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June 13.—I breakfasted this morning with Sir Humphry Davy, of whom we have heard so much in America. He is now about thirty-three, but with all the freshness and bloom of five-and-twenty, and one of the handsomest men I have seen in England. He has a great deal of vivacity,—talks rapidly, though with great precision, —and is so much interested in conversation, that his excitement amounts to nervous impatience, and keeps him in constant motion. He has just returned from Italy, and delights to talk of it,—thinks it, next to England, the finest country in the world, and the society of Rome surpassed only by that of London, and says he should not die contented without going there again.

It seemed singular that his taste in this should be so acute, when his professional eminence is in a province so different and remote; but I was much more surprised when I found that the first chemist of his time was a professed angler; and that he thinks, if he were obliged to renounce fishing or philosophy, that he should find the struggle of his choice pretty severe.

Lady Davy was unwell, and when I was there before, she was out, so I have not yet seen the lady of whom Mad. de Stael said, that she has all Corinne's talents without her faults or extravagances.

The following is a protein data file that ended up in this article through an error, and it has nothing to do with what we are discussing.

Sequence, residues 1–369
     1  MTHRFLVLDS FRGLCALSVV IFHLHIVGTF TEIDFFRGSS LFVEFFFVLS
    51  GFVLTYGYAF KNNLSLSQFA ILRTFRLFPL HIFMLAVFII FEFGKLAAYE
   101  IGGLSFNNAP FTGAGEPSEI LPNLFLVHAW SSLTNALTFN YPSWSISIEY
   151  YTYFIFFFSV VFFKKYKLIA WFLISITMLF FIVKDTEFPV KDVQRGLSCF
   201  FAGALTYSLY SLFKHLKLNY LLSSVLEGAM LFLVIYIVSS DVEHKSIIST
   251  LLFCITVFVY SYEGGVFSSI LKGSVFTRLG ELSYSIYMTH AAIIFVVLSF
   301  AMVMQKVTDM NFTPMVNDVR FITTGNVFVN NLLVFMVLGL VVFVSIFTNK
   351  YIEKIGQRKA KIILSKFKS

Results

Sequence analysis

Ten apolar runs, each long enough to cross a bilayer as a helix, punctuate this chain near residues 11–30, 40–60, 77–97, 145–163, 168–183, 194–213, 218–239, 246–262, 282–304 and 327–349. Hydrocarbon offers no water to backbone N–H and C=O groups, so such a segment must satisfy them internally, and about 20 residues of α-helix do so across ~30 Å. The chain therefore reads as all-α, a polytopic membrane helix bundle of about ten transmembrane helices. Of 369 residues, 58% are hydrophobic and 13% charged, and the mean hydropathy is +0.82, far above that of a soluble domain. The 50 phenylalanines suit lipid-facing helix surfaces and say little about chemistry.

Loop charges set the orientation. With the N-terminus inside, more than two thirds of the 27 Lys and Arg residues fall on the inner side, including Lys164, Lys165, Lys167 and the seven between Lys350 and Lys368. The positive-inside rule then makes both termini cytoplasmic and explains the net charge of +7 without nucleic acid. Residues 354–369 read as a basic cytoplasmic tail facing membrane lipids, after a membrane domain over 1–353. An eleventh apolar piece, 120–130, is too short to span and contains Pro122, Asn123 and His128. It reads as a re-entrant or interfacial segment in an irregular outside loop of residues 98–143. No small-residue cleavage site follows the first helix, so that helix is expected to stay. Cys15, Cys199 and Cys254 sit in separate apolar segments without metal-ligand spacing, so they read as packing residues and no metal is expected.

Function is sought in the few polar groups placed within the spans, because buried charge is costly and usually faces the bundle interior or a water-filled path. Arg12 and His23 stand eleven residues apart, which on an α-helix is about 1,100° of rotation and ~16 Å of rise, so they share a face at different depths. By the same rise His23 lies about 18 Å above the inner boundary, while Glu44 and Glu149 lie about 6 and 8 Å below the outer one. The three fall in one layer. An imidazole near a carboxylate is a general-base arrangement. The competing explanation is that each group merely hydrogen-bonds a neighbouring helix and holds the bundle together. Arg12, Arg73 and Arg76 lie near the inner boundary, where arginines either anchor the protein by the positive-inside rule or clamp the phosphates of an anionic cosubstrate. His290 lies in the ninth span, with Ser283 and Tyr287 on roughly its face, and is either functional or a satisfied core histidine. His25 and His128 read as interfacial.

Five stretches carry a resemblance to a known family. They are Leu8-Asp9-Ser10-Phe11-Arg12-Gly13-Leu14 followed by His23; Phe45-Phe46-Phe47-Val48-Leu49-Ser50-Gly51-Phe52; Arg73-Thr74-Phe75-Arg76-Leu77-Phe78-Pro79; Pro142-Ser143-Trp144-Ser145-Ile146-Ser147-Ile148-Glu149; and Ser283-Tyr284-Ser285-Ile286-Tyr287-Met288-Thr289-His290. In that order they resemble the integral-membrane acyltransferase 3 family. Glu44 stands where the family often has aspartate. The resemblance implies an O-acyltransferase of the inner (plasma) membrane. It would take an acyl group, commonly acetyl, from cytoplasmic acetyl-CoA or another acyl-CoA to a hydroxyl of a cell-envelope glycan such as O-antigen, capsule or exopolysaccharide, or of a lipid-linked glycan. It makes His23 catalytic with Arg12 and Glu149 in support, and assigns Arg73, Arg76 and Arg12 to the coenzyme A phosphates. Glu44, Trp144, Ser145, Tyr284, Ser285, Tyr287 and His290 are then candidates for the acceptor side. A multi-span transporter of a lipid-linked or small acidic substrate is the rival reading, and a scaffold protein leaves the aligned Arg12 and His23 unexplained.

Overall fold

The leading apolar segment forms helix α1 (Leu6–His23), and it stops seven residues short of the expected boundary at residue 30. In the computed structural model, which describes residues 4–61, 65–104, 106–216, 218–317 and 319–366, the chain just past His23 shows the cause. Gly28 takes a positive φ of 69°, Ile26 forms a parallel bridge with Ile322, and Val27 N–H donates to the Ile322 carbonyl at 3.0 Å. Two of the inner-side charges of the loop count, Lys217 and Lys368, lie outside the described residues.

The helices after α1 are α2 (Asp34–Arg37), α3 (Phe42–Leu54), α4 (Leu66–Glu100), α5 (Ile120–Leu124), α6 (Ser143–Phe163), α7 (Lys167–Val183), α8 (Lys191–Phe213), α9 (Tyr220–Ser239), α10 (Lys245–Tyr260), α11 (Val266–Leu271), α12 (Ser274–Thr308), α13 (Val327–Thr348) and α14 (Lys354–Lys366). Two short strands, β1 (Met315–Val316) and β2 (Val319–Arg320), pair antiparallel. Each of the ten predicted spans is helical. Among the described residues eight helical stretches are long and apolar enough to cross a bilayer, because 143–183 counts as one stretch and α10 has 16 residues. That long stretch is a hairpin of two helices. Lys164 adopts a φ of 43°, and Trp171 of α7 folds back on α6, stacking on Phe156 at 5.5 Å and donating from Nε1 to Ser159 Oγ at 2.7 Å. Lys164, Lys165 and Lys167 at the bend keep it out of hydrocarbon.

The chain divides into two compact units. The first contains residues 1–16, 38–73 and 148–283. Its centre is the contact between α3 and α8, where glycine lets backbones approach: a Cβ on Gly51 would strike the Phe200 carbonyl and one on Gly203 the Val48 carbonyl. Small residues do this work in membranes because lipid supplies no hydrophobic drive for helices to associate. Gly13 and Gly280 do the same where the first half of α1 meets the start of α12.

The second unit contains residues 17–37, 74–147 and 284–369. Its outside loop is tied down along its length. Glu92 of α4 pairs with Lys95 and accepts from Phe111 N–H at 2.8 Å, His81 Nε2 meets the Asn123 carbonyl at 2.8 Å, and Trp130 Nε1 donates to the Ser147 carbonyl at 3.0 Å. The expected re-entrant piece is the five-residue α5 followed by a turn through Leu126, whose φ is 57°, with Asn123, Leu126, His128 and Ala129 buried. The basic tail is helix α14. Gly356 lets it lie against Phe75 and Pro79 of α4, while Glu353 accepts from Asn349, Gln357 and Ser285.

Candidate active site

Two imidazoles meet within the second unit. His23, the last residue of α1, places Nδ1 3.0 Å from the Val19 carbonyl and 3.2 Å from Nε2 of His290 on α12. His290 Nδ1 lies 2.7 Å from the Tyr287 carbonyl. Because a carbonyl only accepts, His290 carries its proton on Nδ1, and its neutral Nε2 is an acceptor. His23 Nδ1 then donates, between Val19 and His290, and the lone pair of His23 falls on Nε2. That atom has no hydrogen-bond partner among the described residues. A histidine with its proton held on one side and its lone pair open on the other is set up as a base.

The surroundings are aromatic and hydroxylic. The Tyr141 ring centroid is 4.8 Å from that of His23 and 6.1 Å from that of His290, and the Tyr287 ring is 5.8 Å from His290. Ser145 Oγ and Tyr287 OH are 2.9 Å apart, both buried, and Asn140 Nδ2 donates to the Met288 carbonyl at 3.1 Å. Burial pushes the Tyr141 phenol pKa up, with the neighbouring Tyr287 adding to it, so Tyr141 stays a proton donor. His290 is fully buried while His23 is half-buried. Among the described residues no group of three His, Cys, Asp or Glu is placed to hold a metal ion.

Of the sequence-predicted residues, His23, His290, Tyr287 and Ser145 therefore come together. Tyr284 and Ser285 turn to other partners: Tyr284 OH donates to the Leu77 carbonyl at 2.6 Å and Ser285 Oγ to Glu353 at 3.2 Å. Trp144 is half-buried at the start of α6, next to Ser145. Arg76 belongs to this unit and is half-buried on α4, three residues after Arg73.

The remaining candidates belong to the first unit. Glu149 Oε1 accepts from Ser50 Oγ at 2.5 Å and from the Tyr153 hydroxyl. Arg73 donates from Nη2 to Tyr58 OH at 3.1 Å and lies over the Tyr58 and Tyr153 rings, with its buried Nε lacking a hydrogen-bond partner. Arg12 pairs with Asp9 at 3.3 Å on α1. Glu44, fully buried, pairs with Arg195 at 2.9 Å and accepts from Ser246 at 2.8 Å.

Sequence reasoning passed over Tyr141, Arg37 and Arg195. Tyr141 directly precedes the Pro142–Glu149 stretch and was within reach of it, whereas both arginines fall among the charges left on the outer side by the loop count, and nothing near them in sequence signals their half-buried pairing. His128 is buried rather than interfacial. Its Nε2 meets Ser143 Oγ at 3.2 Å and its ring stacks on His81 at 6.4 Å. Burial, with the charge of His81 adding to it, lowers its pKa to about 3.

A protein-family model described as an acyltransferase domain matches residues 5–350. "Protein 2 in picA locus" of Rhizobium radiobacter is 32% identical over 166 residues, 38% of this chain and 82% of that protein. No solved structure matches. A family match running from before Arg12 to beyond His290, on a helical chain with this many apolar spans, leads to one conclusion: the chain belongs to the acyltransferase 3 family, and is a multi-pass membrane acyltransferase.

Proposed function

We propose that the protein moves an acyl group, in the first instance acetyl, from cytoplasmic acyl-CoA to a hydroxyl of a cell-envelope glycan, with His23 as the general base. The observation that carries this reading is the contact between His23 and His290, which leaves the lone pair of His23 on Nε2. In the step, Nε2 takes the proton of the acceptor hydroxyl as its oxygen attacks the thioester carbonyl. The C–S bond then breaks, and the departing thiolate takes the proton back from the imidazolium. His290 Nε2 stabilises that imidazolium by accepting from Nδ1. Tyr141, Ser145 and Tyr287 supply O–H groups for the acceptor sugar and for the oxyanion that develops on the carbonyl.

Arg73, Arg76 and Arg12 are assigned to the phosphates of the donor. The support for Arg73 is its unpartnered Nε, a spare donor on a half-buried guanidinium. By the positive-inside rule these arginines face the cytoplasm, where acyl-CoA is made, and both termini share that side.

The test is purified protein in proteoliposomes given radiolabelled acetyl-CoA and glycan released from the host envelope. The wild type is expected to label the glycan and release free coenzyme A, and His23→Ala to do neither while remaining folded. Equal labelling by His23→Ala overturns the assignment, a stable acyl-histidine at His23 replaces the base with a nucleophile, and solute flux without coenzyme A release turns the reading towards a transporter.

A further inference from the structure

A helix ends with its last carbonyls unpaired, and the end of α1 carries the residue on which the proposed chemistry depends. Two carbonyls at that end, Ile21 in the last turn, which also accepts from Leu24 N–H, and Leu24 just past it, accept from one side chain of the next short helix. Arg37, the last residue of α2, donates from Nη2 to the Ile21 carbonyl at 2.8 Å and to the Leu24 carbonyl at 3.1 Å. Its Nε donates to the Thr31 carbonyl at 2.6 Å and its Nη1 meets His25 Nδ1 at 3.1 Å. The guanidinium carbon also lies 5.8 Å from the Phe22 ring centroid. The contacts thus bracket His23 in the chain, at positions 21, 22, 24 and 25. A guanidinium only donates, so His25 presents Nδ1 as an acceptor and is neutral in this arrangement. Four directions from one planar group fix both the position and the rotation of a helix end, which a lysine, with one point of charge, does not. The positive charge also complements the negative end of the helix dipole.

After breakfast Sir Humphry took me to the Royal Institution, where he used to lecture before he married a woman of fortune and fashion, and where he still goes every day to perform chemical experiments for purposes of research. He showed me the library and model-room, his own laboratory and famous galvanic troughs, and at two o'clock took me to a lecture there, by Sir James Smith, on botany, —very good and very dull.

June 15.—As her husband had invited me to do, I called this morning on Lady Davy. I found her in her parlor, working on a dress, the contents of her basket strewed about the table, and looking more like home than anything since I left it. She is small, with black eyes and hair, a very pleasant face, an uncommonly sweet smile, and, when she speaks, has much spirit and expression in her countenance. Her conversation is agreeable, particularly in the choice and variety of her phraseology, and has more the air of eloquence than I have ever heard before from a lady. But, then, it has something of the appearance of formality and display, which injures conversation. Her manner is gracious and elegant; and, though I should not think of comparing her to Corinne, yet I think she has uncommon powers. . . .

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